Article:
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The Lab and Risk Reduction, Part 1

Defining risk and risk management

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Welcome to the first installment of a series on risk management for the laboratory. We begin with two definitions of "risk" that we will use throughout our discussion. Risk is harm to a patient or a loss in resources, finances or time; resulting from inadequate or failed processes, people and systems or from external events. 

For example, there is a risk of reporting out an incorrect CBC due to drawing the wrong patient. Another useful definition of risk is "the chance of something happening that will have an impact on objectives." For example, if we define a risk as mis-identification of a patient's samples, then a project to reduce or even eliminate such errors is risk management (RM). We might define RM as the identification, analysis, assessment, control and avoidance, minimization or elimination of unacceptable risks.

In several respects, RM is closely related to project management (PM). If you have been exposed to PM or even studied it, that will be of help in discussion and applying RM to your laboratory. 

In order to manage risks, they must be identified and then quantified. It is difficult, if not impossible, to manage a risk if the incidence of risk events (e.g., drawing the wrong patient) is not known. Thus, once the risk is identified and quantified, a review process by one single person, or better a group, is formed to find all of the variables that could generate the risk event (e.g., drawing the wrong patient). This group or team should as an entity have a good understanding of the tasks and objectives of the risk being scrutinized and analyzed.

Here is a sketch of how the group may begin their attack on the risk:

  1. Identify the risk: As a group, list those things or events that might obstruct your ability to meet the objectives (In our case, the objective is to eliminate all mis-identifications of patient samples. Or, if our objective is to reduce the turn-around-time [TAT] for a troponin from the ER, we will need to determine the TAT as it is now). At this step in RM, you may examine the things that would actually enhance your ability to meet those objectives (e.g. implementing bar codes on the patient and the tube or in the case of the TAT, consider an instrument in the ER). 
  2. Identify the causes that create the risk:  In the example of TAT, one cause might include simply the time it takes the instrument to generate the value (Take a minute or two and name at least three other impediments to achieving a better TAT).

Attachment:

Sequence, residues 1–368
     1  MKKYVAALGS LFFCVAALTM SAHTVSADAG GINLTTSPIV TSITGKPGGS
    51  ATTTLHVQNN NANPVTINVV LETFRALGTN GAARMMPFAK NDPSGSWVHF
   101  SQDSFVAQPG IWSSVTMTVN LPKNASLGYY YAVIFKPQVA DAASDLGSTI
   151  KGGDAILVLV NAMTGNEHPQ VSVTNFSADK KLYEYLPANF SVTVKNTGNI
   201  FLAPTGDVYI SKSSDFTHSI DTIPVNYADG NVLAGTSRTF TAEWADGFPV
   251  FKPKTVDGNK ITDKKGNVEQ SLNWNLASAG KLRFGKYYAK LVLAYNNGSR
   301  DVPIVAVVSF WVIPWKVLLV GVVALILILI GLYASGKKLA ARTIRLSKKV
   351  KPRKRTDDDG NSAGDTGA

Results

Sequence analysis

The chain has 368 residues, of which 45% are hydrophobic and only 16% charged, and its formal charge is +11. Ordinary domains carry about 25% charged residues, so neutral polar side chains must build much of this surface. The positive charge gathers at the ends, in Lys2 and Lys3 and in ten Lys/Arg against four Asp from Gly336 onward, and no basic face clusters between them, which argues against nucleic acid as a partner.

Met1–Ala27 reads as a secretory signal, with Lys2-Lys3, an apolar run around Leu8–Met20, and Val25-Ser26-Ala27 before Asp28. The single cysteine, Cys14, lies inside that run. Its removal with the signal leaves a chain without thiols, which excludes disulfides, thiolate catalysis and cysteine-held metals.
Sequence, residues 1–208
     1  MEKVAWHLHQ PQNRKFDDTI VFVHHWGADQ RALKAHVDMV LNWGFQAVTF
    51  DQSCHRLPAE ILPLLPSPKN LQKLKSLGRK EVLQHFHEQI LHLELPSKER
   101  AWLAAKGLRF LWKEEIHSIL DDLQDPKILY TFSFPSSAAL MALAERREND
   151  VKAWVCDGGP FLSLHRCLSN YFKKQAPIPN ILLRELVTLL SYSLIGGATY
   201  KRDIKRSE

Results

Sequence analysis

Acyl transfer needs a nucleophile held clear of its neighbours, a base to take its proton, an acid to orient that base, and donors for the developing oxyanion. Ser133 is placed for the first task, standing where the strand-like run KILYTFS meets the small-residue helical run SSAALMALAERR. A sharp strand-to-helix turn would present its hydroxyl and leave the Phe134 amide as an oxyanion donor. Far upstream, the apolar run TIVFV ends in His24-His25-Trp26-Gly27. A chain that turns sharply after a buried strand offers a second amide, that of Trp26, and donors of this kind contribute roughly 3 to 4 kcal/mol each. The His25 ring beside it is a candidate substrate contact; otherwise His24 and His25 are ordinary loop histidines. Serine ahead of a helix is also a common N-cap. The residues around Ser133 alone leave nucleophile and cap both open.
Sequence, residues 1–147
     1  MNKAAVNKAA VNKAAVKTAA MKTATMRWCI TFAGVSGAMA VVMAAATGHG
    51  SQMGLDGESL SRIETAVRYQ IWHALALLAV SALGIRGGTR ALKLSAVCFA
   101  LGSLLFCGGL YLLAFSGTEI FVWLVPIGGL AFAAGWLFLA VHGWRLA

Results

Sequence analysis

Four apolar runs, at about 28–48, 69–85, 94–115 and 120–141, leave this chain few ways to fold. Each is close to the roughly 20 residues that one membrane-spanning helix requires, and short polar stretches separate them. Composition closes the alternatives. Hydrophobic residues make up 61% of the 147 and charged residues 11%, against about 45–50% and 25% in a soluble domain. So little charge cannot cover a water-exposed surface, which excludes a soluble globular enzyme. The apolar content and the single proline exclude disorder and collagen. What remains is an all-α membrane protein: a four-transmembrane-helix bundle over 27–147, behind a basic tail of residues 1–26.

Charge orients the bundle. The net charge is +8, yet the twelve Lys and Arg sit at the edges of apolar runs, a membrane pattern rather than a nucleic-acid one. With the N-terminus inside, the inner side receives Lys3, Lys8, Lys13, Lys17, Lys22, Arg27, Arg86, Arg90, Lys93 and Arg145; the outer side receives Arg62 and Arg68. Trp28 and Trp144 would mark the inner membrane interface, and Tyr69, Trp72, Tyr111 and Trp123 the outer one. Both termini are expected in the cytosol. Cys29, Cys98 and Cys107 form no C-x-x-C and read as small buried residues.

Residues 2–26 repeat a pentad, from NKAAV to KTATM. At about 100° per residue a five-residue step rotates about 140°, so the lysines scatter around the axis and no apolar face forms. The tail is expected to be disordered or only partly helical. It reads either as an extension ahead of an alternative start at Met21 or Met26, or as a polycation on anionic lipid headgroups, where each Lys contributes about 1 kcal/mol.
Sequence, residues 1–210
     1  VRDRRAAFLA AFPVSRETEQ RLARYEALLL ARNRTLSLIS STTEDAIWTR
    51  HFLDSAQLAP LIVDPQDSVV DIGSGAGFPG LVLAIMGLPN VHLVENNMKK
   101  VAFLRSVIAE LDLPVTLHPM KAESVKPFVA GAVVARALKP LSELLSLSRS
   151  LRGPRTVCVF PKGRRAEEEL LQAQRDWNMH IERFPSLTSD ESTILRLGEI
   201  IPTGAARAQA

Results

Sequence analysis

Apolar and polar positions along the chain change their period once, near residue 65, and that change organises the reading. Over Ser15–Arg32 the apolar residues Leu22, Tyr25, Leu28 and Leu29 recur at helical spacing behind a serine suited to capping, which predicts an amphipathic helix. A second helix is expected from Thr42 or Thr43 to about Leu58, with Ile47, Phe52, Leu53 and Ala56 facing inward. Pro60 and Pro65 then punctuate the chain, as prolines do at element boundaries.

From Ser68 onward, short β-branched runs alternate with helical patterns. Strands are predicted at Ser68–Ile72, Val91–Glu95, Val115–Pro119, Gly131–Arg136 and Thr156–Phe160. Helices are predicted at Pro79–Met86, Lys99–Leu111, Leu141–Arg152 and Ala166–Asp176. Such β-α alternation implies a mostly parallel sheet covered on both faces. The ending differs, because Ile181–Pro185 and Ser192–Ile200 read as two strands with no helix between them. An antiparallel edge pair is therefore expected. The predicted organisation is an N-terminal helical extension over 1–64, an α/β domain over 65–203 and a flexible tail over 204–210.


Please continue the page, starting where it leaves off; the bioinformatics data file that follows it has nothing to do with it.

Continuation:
3. Identify the controls: There may be certain factors now in place that exist to reduce the risk.  If so, list these. Ask if those controls can be improved. In our example of patient ID, a solution might be to ask the patient his or her name and birth date, as opposed to asking is your name Francis Johnson?
  4. Establish the risk rating descriptors: What is meant by a Low, Moderate, High or Extreme Risk needs to be decided upon ahead of time (e.g., in the case of TAT, the time on the instrument could be rated extreme for it is permanent. Or you may rate it as low as being fixed -- there is nothing the team can do to reduce it.)
  5. Likelihood and consequences: Once all the parameters have be identified, discuss what changes for each might be made. Early in this step, we suggest that any possible change should be put up on the board. Once all the possible changes are listed, estimate the effect (In our example of TAT, adding more staff is the possible change and the effect would be to reduce the TAT by a certain time). Then rank them in respect to the likelihood that change could be made (hire more people may have a likelihood of 0!).
  6. Monitor and review: The monitoring of all the risks and a regular review of the unit's risk profile is a critical component for a successful RM program. List the manner that monitor and review will be done.

The flow chart below is a graphic approach to RM. 


Figure 1

PDCA or a Deming or Shewhart cycle

Another approach is the cycle shown here. This is called a PDCA or a Deming or Shewhart cycle. Note that it begins with a plan and after acting returns to (a revised) plan.  Obviously this can go on and on -- until the risk has been eliminated or the resources needed for the new plan are not (currently) available.

Activity
Number or Time
Plan
Start 
Plan Duration
Weeks
Actual
Start
Actual
Duration
Percent
Complete
 
Which Patients

1

4

1. 0000-0600 

1

4

No. of Staff 

1

4

Order to Draw 

1

4

Draw to Lab

1

4

1

x

?

Accession to Instr

1

4

1

x

?

Instr to ER 

1

4

1

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Once you are satisfied with one of these approaches or another one that will fit your needs, you will find it helpful to build a chart showing all the factors that are causes for the risk.  Using our example of TAT we have prepared a chart for you to consider and adapt to any risk you are going to attack. We will address this chart in detail in the next installment.

David Plaut is a chemist and statistician in Plano, TX. Nathalie Lepage is a clinical biochemist and a biochemical geneticist at the Children's Hospital of Eastern Ontario and an associate professor in the Department of Pathology and Laboratory Medicine at the University of Ottawa, Ontario, Canada.




     

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